This film is constantly voted the best documentary of all time. It is available in full at Hulu in 420p HD. Cannot get better than that online.
The film remains relevant just like it did when it first came out. Two young basketball players struggle to fulfill a common dream which is to make to the NBA. The two kids have contrasting styles and personalities, each story could have made a great documentary in of itself. But together, the stories highlight the hi’s and lo’s of each story even better. Once in a lifetime kind of movie.
A wonderful story coupled with the cheesiest music. It is hard not to get emotional.
One of the best trailers of the year. I am confident the film will live up to the hype. Fascinating story, based on the short story by F. Scott Fitzgerald. By the way, the cinematography looks incredible. One sad catch, it will be released around Christmas.
Watch it. (Flash Video)
TAC (Traffic Accident Commission) in Victoria, Australia, has released a three minute advertisement featuring people who have lost family members in speed-related crashes.
The campaign was developed at Grey, Melbourne. Filming was directed by Mark Molloy at Exit Films.
Watch it. (Flash Video)
The book by Ian McEwan is one of my favorite books of all time. Surprisingly, the movie lives up to the book. I expected the film to be decent, not great, as I haven’t heard much of a buzz for this film. However, after seeing it, I’d be shocked if this film doesn’t get a Best Picture Oscar nomination.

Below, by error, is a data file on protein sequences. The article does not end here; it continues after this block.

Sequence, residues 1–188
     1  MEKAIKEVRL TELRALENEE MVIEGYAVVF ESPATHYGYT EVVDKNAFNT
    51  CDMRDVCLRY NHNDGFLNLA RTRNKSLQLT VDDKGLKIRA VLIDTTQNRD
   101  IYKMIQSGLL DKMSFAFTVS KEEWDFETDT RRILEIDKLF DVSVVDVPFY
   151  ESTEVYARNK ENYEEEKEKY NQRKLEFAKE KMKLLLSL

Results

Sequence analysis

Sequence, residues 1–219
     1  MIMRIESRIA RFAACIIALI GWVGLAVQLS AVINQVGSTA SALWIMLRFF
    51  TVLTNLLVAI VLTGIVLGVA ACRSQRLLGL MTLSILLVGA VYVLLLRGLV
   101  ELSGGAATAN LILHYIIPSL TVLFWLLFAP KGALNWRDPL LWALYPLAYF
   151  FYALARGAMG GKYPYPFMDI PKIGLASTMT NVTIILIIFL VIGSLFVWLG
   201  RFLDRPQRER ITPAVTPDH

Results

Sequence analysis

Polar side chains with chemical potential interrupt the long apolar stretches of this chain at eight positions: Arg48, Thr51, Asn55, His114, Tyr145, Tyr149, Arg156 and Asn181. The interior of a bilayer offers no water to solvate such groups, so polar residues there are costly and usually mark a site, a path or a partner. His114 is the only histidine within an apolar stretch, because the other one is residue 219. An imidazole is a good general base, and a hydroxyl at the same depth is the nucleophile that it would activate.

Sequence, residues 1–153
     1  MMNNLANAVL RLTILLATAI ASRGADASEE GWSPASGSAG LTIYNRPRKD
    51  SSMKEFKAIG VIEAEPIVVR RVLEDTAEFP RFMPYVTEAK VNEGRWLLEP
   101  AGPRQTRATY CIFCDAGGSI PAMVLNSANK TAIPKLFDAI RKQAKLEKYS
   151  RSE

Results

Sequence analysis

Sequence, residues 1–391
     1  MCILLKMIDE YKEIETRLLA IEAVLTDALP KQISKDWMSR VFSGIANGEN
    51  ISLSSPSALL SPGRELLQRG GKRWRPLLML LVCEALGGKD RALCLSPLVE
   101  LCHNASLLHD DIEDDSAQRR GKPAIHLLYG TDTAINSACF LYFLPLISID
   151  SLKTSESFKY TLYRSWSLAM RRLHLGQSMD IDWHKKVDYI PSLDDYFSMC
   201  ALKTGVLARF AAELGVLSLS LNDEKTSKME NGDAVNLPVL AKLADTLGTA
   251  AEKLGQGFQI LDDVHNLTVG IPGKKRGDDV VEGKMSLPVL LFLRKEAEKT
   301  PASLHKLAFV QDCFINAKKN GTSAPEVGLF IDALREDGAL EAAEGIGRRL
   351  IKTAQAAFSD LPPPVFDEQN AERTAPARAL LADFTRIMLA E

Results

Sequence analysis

One of the fears I had about the movie was it would abandon the beautiful structure that McEwan devised to tell the story. Thankfully Christopher Hampton, who wrote the script, not only keeps the structure but also manages to keep some of McEwan’s poetics. The scene where Briony sees her sister and Robbie near the water fountain is exactly how I had pictured it from all of the various perspectives.
A lot of credit should also go to Director Joe Wright. This easily could have been a film that we as an audience could watch from a distance. Instead, almost everything is seen through the eyes of a character. Everything is laced with a character’s subjectivity. To switch perspectives, there is no fade to black or any other visual device. It is a stream of consciousness that switches back and forth. So well done!
The biggest difference, in terms of emotions, is the beginning of the second half of the book/movie. The book’s second half numbs you to the pain from the 1st half. One of the greatest scenes in any book I’ve ever read. The movie sadly disappoints here, why wasn’t there more walking? more brown? more carnage?
The acting ensemble is solid. I am not entirely convinced of Keira Knightley as Cecilia, however, James McAvoy as Robbie is picture perfect. To many, this might seem like another stuffy costume drama. This is as modern as any film you will find. From the story to its character to the film’s style, there is a lot of risk taking. Go see it, this is one of the great tragedies of our time.